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The impact of Sudokkho

Environmental and sustainability targets among industry are not new. What stands out is Primark’s ambition to understand the impact of this work. To do this, Primark partnered with 60 Decibels. We sought to better understand the impact of factory-based training on worker well-being captured by five dimensions: personal well-being, pay and productivity, skills and development, motivation and accomplishment, and job security, safety and rights. We spoke with 703 Sudokkho-trained garment factory workers through remote phone interviews.

Primark was keen to compare the performance of their work to impact benchmarks – something 60 Decibels has developed over the course of thousands of similar projects. The results indicated that the programme had positively impacted workers’ lives. The Net Promoter Score for the programme – a common gauge of loyalty and satisfaction taken by asking customers how likely they are to recommend a product or service to others on a scale of 0-10 – of 81, is notably higher than the 60 Decibels South Asia benchmark of 43. Moreover, a third of the workers report that their quality of life has ‘very much improved’ because of the training, placing the training in the top 40% of the 60 Decibels South Asia benchmark.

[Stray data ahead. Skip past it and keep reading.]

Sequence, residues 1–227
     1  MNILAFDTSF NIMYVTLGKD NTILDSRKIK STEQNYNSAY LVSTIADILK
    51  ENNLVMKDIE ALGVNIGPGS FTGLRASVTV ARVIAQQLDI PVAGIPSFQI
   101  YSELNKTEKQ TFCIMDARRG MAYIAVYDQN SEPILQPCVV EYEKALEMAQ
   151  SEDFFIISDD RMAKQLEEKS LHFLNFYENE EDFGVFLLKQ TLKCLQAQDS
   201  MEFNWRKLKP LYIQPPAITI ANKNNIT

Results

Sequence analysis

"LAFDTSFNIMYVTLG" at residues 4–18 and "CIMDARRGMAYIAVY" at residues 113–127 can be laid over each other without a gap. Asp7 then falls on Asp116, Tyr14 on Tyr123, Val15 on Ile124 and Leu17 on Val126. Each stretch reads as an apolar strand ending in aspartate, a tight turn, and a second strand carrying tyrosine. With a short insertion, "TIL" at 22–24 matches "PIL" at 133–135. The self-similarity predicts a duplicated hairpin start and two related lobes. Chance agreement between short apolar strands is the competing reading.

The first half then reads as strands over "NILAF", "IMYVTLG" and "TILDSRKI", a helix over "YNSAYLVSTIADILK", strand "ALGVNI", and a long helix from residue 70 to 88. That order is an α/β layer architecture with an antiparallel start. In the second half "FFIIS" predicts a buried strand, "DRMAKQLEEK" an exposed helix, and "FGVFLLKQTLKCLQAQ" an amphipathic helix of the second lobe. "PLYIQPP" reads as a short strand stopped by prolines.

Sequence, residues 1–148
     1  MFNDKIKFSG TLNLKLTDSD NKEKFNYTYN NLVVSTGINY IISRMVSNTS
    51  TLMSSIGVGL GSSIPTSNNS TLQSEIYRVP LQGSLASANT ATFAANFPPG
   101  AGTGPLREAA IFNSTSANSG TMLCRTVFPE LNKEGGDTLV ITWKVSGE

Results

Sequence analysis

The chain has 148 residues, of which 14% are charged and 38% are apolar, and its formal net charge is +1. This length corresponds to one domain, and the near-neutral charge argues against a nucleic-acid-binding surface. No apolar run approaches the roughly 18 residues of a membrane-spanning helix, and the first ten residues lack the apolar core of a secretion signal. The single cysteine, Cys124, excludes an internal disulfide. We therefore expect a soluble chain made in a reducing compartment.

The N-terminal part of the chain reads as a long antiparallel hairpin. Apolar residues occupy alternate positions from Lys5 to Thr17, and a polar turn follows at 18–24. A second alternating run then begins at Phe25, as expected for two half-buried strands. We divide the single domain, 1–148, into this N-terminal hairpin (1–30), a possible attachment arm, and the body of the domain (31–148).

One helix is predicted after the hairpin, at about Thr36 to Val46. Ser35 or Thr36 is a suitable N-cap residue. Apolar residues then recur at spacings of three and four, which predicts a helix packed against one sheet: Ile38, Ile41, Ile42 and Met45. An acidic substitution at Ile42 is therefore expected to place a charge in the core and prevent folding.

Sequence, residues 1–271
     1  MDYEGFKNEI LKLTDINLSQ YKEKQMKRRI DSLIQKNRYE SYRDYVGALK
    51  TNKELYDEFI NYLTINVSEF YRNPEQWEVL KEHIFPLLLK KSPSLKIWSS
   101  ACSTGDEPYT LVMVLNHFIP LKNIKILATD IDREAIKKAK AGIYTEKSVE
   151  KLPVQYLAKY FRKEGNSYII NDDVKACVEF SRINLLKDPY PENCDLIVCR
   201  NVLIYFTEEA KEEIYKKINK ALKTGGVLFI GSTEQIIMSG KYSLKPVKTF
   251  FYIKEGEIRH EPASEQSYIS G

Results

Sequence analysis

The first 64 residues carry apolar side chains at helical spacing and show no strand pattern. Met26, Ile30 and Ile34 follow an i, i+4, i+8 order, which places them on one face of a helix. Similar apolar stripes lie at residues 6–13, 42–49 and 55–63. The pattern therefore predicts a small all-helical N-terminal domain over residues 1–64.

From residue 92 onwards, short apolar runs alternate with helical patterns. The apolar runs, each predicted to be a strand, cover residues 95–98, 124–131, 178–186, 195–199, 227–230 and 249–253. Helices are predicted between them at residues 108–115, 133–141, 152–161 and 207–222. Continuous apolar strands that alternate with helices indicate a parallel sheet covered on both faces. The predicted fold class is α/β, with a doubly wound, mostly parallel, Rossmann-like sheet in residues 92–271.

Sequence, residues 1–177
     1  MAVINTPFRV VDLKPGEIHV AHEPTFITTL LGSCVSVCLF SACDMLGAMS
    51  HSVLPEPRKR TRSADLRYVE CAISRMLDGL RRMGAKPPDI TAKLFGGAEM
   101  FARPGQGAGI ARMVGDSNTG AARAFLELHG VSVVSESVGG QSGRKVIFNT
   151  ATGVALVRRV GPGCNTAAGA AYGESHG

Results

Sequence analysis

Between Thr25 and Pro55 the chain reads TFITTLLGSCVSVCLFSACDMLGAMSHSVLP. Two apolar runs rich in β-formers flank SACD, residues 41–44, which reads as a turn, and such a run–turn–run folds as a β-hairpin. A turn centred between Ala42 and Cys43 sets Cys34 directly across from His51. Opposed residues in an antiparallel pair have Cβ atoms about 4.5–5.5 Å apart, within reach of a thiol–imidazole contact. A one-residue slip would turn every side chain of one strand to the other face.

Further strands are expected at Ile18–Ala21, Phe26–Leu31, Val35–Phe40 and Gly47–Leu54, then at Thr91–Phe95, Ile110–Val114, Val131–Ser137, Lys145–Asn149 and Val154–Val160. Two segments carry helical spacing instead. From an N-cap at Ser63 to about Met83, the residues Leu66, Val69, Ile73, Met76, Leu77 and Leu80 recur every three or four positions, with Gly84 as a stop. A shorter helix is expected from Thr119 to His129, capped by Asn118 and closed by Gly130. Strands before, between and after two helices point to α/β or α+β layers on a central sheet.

The training had a direct impact on workers’ professional skills and how meaningful they now find their work. 9 in 10 workers reported improvements in the way they do their everyday job, learning transferable skills that have helped them grow and develop as a professional including greater confidence. 3 in 4 workers said they have had career advancement opportunities because of the training, and a similar proportion report income increments. Impact also goes beyond the workplace – 3 in 4 workers who report income increases also report that the way their family and community view their job has improved after the training.  


Room for continued improvement

Whilst many of the results are encouraging, listening to the employees directly revealed scope for improvement. Perhaps unsurprisingly, workers asked for more training content and a longer duration of training. There were gender disparities with men being more likely to find their job to be meaningful than women (62% vs 43%) and feeling a sense of autonomy in their role after the training compared to women (62% vs. 43%). For Primark, it is important to understand the impact of the programme to support their culture of evidence-based learning and to drive further improvements.

Human wellbeing is key to a sustainable future. The results of the Primark Sudokkho impact assessment show that the programme improved the work and lives of the workers involved, but the growing trend towards providing good jobs to workers could have even greater effects on companies. It’s not just good for the workers – motivated, empowered employees are better for business too. Focusing on worker wellbeing is a win-win.

(All names have been pseudonymised)